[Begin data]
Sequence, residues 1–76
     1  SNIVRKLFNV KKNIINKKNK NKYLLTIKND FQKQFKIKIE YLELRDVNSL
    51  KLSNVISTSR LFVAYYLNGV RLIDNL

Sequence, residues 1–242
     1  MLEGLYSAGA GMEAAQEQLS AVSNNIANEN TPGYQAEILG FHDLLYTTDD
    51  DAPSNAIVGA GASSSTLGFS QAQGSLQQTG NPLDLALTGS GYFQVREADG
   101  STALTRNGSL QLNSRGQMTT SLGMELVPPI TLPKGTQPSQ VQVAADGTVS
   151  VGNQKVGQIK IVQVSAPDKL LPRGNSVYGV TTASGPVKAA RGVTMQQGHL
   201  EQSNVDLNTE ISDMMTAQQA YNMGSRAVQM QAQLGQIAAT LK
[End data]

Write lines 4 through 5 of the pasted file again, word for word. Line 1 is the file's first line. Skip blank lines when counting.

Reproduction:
Sequence, residues 1–242
     1  MLEGLYSAGA GMEAAQEQLS AVSNNIANEN TPGYQAEILG FHDLLYTTDD